In my life I’ve seen the word preached and taught faithfully, but I’ve also witnessed what I might call preaching the word lite. The passage of scripture is almost treated like an aside, the stress being on what the speaker is making pertaining to one’s life, or felt needs. It is hard to describe, and I’m reticent to make such an observation since I really haven’t been a part of a church which didn’t preach the word. There’s no way I could have remained or participated in such. It’s almost by degree or grade when one can sense a tendency in that direction. But some churches are obviously there. In which scripture and Christian teaching is indeed secondary to what their message or way of approaching people is, week in and week out.

We shouldn’t take any of this for granted. If the Apostle Paul gave the charge to Timothy, and warned him that there would be a time when this wouldn’t be easy, then we need to make sure we shore up, and fulfill the trust we’ve been given. Christian leaders must be held accountable by churches, and Christian leaders must hold churches accountable to this. Until Christ returns. In and through him.

what world do you live in?

Now that same day two of them were going to a village called Emmaus, about seven miles from Jerusalem. They were talking with each other about everything that had happened. As they talked and discussed these things with each other, Jesus himself came up and walked along with them; but they were kept from recognizing him.

He asked them, “What are you discussing together as you walk along?”

They stood still, their faces downcast. One of them, named Cleopas, asked him, “Are you the only one visiting Jerusalem who does not know the things that have happened there in these days?”

“What things?” he asked.

“About Jesus of Nazareth,” they replied. “He was a prophet, powerful in word and deed before God and all the people. The chief priests and our rulers handed him over to be sentenced to death, and they crucified him; but we had hoped that he was the one who was going to redeem Israel. And what is more, it is the third day since all this took place. In addition, some of our women amazed us. They went to the tomb early this morning but didn’t find his body. They came and told us that they had seen a vision of angels, who said he was alive. Then some of our companions went to the tomb and found it just as the women had said, but they did not see Jesus.”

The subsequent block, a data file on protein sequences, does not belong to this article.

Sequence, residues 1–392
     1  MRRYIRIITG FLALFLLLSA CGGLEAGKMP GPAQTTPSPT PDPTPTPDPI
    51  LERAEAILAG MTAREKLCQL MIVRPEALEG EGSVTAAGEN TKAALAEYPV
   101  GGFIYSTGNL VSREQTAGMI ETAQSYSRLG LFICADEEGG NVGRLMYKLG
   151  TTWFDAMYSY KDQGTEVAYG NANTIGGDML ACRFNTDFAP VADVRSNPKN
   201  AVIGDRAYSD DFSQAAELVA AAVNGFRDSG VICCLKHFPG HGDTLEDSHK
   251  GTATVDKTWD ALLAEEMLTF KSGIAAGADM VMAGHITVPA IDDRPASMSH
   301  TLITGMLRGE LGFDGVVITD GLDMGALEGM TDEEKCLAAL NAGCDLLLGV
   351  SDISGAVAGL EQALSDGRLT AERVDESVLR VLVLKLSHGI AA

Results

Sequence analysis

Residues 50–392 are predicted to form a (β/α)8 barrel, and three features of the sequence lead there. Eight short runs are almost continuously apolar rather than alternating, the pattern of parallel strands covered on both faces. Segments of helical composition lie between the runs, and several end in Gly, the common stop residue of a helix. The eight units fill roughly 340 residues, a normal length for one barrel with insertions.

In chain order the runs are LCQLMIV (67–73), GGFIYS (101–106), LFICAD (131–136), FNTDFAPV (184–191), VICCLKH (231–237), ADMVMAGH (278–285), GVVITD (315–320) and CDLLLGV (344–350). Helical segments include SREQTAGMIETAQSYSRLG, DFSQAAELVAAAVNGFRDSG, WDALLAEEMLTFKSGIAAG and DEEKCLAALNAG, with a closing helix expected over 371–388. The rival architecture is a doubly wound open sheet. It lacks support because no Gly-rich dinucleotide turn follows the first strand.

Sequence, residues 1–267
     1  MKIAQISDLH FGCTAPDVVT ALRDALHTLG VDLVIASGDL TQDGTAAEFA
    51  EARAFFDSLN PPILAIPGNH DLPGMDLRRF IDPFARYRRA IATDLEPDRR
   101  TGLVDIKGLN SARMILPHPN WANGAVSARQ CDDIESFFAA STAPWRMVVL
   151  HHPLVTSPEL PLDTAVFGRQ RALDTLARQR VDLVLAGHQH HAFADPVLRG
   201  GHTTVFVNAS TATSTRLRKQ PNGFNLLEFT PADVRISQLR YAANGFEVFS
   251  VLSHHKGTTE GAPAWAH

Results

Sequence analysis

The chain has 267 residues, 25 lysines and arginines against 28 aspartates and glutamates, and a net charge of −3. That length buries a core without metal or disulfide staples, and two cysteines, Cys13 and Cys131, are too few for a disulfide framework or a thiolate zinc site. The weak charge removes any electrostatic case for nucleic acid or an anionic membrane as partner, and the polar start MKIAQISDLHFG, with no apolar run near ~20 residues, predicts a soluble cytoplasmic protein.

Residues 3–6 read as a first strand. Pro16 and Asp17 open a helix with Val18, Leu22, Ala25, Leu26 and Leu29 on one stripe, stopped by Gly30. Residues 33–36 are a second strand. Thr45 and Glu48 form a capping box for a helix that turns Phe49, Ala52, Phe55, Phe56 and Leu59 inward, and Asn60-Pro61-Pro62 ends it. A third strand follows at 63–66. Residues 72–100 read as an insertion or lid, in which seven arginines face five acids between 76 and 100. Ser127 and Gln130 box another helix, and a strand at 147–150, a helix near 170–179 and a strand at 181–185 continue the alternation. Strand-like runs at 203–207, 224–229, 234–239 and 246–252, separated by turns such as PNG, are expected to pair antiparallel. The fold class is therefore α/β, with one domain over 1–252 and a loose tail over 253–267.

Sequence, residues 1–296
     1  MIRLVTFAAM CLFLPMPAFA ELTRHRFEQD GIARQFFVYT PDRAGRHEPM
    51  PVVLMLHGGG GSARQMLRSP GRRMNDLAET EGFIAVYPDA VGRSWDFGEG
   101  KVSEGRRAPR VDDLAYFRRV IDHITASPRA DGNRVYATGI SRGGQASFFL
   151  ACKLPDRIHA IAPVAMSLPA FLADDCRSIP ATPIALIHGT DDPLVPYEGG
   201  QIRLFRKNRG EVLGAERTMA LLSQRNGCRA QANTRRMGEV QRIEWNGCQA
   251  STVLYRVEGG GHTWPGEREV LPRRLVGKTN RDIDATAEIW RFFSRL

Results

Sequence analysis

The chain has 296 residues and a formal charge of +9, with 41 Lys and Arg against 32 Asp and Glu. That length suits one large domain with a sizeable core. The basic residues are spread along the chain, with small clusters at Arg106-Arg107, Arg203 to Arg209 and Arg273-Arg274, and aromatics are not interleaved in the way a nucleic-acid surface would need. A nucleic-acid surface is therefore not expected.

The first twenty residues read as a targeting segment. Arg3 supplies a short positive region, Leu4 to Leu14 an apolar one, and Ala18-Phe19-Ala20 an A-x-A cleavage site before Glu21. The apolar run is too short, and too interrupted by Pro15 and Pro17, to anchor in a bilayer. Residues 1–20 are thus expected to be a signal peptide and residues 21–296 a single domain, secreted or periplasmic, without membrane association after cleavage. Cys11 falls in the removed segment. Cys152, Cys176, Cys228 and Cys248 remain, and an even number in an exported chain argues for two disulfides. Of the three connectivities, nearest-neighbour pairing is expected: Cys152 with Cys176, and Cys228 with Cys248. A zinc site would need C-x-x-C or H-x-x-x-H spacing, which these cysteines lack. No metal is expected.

He said to them, “How foolish you are, and how slow to believe all that the prophets have spoken! Did not the Messiah have to suffer these things and then enter his glory?” And beginning with Moses and all the Prophets, he explained to them what was said in all the Scriptures concerning himself.

Luke 24:13-27

“What world do you live in?” is kind of a rhetorical question, thus not requiring a definitive answer, but causing us more to reflect on just what we perceive reality to be. And certainly includes myself. I struggle with this myself, I would say, of course.

We are creatures of experience as well as what we have observed to be true. It’s hard to get hold of just why we see life as we do. Certainly experiences from the past, especially in formative childhood times contribute significantly to that.

For me, it’s easy to get down over so many things. But that’s when more than ever, but really as a habit of life, I need to get in and remain in scripture. Scripture takes us through all kinds of worlds in the sense of experience, but lands us where we need to be, and helps us find what is lacking. Scripture as God’s word impacts us in ways we can’t actually completely comprehend. But the difference is unmistakable. It was so after Jesus talked to these two followers.

As they approached the village to which they were going, Jesus continued on as if he were going farther. But they urged him strongly, “Stay with us, for it is nearly evening; the day is almost over.” So he went in to stay with them.

When he was at the table with them, he took bread, gave thanks, broke it and began to give it to them. Then their eyes were opened and they recognized him, and he disappeared from their sight. They asked each other, “Were not our hearts burning within us while he talked with us on the road and opened the Scriptures to us?”

They got up and returned at once to Jerusalem. There they found the Eleven and those with them, assembled together and saying, “It is true! The Lord has risen and has appeared to Simon.” Then the two told what had happened on the way, and how Jesus was recognized by them when he broke the bread.

Luke 24:28-35

The face change here had to become a change of heart and a transformation of life. The world we believers and followers of Jesus inhabit is one marked by God’s word to us in Jesus, and whatever follows that.

We have to learn by faith to more and more live in the world in which Jesus is at the center. And into which God is always speaking. Regardless of what else is going on. The real world in and through Jesus.